Violence dominates Easter reflections
Archbishop laments recent incidents
The archbishop of Semarang has addressed the suffering of Christians, particularly those whose churches were demolished or banned, in his Easter reflection this year.
“In our times, violent incidents happen easily,” Archbishop Johannes Maria Trilaksyanta Pujasumarta wrote.
He also addressed last week’s killing of four inmates, allegedly orchestrated by the military, in Yogyakarta’s Cebongan prison, which is under the jurisdiction of Semarang archdiocese.
On Saturday, 17 masked gunmen reportedly broke into the jail and killed four people who were suspects in the murder of a special forces soldier.
“Violence is not the solution to problems,” as it creates chaos and becomes a spiral, the archbishop said.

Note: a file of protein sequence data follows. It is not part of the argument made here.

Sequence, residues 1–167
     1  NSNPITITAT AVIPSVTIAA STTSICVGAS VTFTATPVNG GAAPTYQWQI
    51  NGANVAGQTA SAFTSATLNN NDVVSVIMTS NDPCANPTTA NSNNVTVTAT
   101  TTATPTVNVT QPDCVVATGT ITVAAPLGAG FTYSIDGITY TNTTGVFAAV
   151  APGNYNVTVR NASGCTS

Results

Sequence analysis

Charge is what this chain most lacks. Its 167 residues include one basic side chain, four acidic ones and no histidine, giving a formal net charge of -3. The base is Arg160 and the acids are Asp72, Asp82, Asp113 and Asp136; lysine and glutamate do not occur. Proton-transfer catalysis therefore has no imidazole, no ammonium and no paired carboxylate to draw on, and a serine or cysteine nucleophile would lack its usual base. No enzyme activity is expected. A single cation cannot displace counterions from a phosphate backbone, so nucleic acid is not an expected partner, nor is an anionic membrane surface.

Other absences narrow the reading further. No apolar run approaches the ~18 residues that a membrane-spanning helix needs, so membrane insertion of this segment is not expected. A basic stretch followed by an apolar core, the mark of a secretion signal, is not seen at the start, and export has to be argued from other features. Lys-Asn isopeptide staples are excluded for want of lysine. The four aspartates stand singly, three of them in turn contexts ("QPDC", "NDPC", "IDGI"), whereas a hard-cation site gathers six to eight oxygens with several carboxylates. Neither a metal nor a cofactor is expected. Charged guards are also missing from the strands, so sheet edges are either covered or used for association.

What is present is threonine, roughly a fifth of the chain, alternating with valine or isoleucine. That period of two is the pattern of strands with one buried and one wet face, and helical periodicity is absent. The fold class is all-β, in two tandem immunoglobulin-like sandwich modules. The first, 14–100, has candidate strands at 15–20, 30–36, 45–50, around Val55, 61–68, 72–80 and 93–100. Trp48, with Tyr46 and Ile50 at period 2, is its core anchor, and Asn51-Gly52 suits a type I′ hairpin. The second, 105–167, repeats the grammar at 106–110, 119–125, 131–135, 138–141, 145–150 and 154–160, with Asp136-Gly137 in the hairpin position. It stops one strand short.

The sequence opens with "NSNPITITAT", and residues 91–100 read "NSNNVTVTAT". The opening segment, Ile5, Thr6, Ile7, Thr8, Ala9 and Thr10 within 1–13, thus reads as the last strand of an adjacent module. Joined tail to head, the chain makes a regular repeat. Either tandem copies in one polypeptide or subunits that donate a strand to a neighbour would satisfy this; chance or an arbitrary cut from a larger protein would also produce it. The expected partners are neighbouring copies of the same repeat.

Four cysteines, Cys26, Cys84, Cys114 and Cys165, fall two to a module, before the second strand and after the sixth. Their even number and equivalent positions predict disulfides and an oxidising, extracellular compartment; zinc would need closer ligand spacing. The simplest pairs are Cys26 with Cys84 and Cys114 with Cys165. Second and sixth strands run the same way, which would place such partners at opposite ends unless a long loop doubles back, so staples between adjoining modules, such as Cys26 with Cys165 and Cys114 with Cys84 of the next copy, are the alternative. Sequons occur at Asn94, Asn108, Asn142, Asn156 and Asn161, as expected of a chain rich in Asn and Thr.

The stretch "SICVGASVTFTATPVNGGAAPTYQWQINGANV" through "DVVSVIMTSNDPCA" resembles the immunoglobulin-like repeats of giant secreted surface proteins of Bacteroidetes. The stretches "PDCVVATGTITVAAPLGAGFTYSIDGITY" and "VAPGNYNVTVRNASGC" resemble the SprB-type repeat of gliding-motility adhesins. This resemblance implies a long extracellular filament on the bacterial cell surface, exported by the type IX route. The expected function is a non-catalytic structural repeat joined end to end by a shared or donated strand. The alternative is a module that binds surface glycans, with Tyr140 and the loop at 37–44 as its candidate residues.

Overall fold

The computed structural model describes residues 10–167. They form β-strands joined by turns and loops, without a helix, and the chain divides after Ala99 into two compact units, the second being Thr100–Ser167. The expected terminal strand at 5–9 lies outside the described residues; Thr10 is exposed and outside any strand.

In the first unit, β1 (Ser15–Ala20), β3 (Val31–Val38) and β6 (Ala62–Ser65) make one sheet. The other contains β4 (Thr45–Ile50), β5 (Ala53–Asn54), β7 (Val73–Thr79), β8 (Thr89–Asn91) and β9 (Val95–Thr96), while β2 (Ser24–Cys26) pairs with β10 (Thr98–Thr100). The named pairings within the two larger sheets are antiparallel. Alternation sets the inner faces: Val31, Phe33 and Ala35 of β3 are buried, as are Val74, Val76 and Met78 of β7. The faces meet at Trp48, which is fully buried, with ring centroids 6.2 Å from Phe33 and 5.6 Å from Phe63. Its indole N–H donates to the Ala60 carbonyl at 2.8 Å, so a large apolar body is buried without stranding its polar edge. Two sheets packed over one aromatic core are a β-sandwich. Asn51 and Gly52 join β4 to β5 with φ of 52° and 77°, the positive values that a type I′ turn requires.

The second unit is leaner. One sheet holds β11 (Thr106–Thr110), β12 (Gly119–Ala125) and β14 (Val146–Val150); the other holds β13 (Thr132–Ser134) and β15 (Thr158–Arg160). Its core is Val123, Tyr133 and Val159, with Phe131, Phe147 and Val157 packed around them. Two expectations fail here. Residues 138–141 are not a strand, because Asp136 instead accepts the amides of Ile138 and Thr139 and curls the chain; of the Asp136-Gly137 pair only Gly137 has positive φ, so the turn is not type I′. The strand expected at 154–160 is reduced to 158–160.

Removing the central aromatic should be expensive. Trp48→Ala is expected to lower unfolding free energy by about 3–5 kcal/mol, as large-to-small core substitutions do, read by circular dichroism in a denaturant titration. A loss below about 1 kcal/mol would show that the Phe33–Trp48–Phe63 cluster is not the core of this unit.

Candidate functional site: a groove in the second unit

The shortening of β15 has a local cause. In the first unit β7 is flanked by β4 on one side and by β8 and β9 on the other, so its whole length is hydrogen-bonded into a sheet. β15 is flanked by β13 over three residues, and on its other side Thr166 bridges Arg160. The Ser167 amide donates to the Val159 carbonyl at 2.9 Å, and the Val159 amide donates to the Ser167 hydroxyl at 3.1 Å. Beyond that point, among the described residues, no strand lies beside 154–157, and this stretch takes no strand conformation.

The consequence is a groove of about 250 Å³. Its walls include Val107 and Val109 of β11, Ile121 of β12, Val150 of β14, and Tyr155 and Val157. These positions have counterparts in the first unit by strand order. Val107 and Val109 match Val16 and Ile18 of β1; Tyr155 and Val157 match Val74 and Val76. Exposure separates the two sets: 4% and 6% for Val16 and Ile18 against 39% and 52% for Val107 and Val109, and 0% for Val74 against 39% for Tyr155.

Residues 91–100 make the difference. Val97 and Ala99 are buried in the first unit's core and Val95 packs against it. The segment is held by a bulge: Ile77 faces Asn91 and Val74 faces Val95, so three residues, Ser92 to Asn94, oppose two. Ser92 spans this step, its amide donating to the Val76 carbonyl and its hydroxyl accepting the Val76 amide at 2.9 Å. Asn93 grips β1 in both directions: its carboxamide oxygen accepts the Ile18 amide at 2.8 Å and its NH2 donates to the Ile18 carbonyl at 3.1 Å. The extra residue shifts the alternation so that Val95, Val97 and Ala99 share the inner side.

Catholics and Protestants have been offering counseling to witnesses of the killings, including other detainees and guards.
“I’m also very concerned about violence against Christians,” the Catholic leader wrote. “Violence is used to deal with issues of the construction of Christian worship places and schools.”
On March 21, a Batak Protestant Church in Bekasi district, West Java, was demolished by local authorities, saying its application for building permit was invalid.
“What concerns me more is that perpetrators are local people. They are even backed by certain parties that should protect this country,” Archbishop Pujasumarta said.
Divided Christian church cannot withstand organized attacks from Hindu extremists and those opposed to the faith
More than a million devotees prayed and danced in the streets of the Philippine city of Cebu
Environmental degradation is now at crisis levels, a new Greenpeace report says
Event aimed at helping poor people get back their 'dignity'
Urges voters to elect leaders like Jakarta Christian governor Basuki Tjahaja Purnama